Sun. Sep 24th, 2023

The problem with meditation is attachment. We get in
the habit of needing our altar, favorite cushion,
incense, CD, certain time of day, necessary length of
time, or particular style of sitting. If we can’t do
it the “right” way, we tend to skip it altogether. We
get so attached to the trappings that we get a little
testy if we don’t have everything just so.

This is funny when you think about it. In Buddhism,
the core belief is that life is full of suffering, and
this suffering is due to attachment. Isn’t it ironic
that we become so attached to the idea of meditation?
Isn’t it a bit absurd to think of followers of
particular styles of meditation as obsessive about
their own approach?

I find it hilarious.

I also find it destructive.

I’m all for whatever works. If committing to a ritual
is right for you, by all means, light that candle. If
you must do some yoga exercises prior to sitting, go
for it. If you need to go for a run before chanting,
be my guest.

However, if you find that your concept of what you need
in order to meditate is hindering instead of liberating
you, it’s time to take a look at what I refer to as
“wireless” meditation.

The beautiful thing about going wireless—-whether it’s
with phones, computers, or your own quest for
mindfulness—-is that you suddenly become unencumbered
by extraneous connections. You can continue with your
day. You can go anywhere. You are free.

Just as a wireless phone allows you to think of your
workplace in a whole new way, mindfulness practice
gives you the opportunity to bring attention to
whatever you’re doing. Your connection to your mind
and your heart is hooked up while you’re taking a
shower, washing the dishes, walking the dog, or tending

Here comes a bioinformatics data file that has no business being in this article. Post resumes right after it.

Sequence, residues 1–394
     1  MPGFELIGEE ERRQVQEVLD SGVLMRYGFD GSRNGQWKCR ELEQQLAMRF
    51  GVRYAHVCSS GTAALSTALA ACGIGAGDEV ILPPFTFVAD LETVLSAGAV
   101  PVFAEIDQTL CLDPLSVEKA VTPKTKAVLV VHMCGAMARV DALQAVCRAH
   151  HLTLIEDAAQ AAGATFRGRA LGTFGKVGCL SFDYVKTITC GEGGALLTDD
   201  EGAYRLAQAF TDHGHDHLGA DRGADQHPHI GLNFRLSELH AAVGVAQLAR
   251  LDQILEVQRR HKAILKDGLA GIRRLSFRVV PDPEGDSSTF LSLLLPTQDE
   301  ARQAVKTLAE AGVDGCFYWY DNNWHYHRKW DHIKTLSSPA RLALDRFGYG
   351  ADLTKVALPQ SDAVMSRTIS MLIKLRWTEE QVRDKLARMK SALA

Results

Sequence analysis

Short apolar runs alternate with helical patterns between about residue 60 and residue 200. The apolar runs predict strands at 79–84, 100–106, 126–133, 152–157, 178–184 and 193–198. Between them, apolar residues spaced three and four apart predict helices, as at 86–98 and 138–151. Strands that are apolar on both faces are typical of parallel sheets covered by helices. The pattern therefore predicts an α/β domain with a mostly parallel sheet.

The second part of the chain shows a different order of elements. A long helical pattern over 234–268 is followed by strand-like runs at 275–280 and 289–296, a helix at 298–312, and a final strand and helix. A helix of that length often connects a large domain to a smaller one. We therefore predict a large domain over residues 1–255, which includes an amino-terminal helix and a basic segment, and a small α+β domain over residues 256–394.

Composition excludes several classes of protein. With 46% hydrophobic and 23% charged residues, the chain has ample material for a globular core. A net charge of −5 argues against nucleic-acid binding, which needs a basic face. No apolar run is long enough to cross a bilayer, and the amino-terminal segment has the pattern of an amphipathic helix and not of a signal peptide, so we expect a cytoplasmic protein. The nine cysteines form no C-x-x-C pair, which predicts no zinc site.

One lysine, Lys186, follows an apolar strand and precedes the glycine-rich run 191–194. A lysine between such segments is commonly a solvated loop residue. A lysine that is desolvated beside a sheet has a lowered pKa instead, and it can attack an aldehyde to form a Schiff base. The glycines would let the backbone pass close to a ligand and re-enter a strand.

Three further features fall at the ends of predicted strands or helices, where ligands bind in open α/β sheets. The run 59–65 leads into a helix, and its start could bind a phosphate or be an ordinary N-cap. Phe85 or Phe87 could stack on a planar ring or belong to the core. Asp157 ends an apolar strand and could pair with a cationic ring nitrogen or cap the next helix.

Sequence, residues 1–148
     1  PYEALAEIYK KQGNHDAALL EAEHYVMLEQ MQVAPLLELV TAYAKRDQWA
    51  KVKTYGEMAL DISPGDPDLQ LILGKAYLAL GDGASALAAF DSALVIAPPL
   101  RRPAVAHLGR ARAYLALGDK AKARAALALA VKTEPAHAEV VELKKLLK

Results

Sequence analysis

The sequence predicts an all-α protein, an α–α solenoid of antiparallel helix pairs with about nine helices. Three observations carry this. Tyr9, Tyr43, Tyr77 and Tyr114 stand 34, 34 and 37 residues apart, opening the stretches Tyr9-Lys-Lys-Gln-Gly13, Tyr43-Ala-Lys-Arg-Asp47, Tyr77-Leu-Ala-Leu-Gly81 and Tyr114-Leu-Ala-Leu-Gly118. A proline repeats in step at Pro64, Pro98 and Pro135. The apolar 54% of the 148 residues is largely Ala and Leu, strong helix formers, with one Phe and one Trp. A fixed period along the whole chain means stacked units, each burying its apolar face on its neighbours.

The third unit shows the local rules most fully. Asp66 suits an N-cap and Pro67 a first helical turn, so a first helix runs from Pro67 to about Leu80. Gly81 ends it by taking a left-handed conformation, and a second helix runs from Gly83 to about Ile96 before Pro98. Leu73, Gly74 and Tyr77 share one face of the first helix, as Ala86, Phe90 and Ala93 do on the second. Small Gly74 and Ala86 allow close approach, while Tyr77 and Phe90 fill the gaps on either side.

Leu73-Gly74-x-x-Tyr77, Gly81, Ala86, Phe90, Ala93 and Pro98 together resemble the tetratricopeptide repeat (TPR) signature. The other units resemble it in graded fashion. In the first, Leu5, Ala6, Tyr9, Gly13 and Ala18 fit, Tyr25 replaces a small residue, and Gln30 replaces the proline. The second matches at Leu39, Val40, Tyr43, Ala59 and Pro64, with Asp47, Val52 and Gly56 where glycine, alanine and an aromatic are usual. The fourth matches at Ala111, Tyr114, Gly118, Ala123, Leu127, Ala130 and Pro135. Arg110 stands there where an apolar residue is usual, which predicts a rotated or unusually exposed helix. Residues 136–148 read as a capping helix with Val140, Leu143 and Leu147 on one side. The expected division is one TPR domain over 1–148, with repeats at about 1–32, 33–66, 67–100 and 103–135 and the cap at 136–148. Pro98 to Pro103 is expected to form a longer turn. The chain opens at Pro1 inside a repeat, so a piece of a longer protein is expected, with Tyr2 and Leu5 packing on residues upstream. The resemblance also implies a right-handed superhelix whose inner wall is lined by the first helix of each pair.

your garden. You no longer see mindfulness as
something you can do only if you’re sitting in your
family room before the kids get up.

For those who’ve given up on meditation, consider the
freedom of mindfulness practice. Here are five
questions to ask yourself in order to stay connected
anywhere, anytime:

* “What can I notice this minute?” Look around. What
do you see? What colors pop? What kind of light fills
your space? What do you smell? What do you hear? How
does your body feel right now?

* “Where can I focus my attention this minute?”
Choose something within you—-a physical sensation, a
thought, an emotion. Or, go outside your skin and
shine all of your attention upon something around you.
Spend one minute in full discovery mode.

* “What can I do to connect with this person?” If
you’re a parent and you’re feeling a little burned out
by your child’s demands, stop thinking about how to
fulfill a request and focus on how to fulfill a need.
Can you give loving attention without giving a thing?
Can you focus your full attention on your partner in
the way most likely to make them feel cherished.. Sound for healing

By Admin

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